As told to by Joe Amaral.
Authenticity is something you can’t make up. Especially when it comes to Italian food. This dish goes hand in hand with phrases like, “back in the good old days” and “they don’t make them like they used to.” Like most recipes that have been passed down for generations, Italian mushroom risotto takes time and patience. This is because its creaminess comes from coaxing the starch out of the rice, rather than using cream. To a chef who believes in preserving a recipe’s authenticity, using any kind of dairy would be like heating up pizza in the microwave. Even the basic ingredients are made from scratch. Seriously, don’t laugh when you get to the part about foraging for mushrooms. I recommend doing things the old-fashioned way to really get into it. Prepare the ingredients ahead of time, research a good wine, buy fresh vegetables (perhaps from a farmer’s market), and have a premium oil on hand to drizzle before serving. Because when you make authentic Italian mushroom risotto, this is just how it’s done.
6 cups vegetable broth
3 tablespoons olive oil
450 grams Portobello mushrooms, thinly sliced
450 grams white mushrooms, thinly sliced
1 medium onion, diced
3 tablespoons finely chopped chives
1 ½ cups Arborio rice
½ cup dry white wine
1/3 cup freshly grated Parmesan cheese
sea salt to taste
freshly ground black pepper to taste
Step 1: Go out and forage for mushrooms.
Step 2: Make sure they’re not poisonous. If you’re not sure, break a piece off, rub a bit on your gum, and if it welts, it’s no good. *Just kidding. Leave it to the professionals and visit a farmer’s market.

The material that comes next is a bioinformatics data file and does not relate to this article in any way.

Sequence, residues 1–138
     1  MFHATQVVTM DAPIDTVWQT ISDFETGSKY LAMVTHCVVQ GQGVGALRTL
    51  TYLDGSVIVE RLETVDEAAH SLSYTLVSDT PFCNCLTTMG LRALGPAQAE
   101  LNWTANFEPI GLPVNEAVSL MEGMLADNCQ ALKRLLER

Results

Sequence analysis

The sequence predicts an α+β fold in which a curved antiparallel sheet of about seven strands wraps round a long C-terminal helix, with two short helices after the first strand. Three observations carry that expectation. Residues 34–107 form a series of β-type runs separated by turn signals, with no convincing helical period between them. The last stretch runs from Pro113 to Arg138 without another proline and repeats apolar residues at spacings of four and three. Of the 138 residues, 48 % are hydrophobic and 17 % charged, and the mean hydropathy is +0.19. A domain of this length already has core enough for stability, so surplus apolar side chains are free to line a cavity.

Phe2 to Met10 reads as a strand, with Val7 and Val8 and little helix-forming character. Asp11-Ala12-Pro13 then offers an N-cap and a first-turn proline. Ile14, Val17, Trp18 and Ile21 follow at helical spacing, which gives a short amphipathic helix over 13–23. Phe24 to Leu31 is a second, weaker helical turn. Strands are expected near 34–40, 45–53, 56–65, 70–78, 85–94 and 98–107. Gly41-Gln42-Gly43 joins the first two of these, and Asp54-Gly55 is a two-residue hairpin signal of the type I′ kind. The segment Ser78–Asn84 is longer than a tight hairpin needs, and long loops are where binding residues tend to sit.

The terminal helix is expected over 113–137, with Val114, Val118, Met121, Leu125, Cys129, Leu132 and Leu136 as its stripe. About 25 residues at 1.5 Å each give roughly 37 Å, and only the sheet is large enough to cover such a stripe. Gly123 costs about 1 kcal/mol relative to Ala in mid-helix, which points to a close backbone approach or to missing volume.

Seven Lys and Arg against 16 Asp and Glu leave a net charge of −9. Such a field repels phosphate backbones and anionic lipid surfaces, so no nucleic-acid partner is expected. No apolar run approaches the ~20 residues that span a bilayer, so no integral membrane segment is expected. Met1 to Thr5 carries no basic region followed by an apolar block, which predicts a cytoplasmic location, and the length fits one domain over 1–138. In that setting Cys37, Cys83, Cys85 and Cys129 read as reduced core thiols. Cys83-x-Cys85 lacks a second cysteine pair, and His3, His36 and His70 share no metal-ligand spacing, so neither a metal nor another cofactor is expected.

Step 3: Bring the mushrooms home, leave out half for later, and make a stock. Dice up some vegetables and add them to it. You can use anything to suit your taste; onions, celery, carrots, green peppers. (Cover with water, bring to a boil, then simmer for five minutes.)
Step 4: Put a large pan on medium heat.
Step 5: Warm two tablespoons of oil in the pan.
Step 6: Cook the diced onions in the pan until they become translucent and white, not brown.
Step 7: Crank up the heat and throw your rice into the pan, coating it with oil and onions. Italians say that you should cook risotto with your ears, stir the rice until it begins to click.
Step 8: Temper the rice until all of it begins to click and pop in the pan. Just when you think it’s going to burn, throw in the white wine to lower the heat. Watch the grains absorb it.
Step 9: Walk away from the stove and wait for the temperature to come back up. Check your email. Sip some of the leftover wine.
Step 10: Use a wooden spoon to stir. Do this until it leaves a trail. Then add a ladle of stock. Stir some more. Repeat until the stock is gone which will be about twenty to thirty minutes. The rice should become creamy as the process goes on.
Step 11: When it gets close to the end, take the pan off the element, throw in the rest of the mushrooms and let the residual heat cook them. Stir and incorporate.
Step 12: Taste the rice. It should be al dente, it should give but not mush.
Step 13: Grate the parmesan to your liking. Add it with the heat off, otherwise it will separate.
Step 14: Put the lid on and walk away for a few minutes. Or throw a couple bowls into the oven to warm them before serving.
Step 15: Give the risotto a nice gentle stir. Drizzle the top with a truffle oil or premium olive oil. If you have some leftover mushrooms, put a couple more pieces on top with a couple curls of parmesan cheese.
Step 16: Take it to the table and enjoy.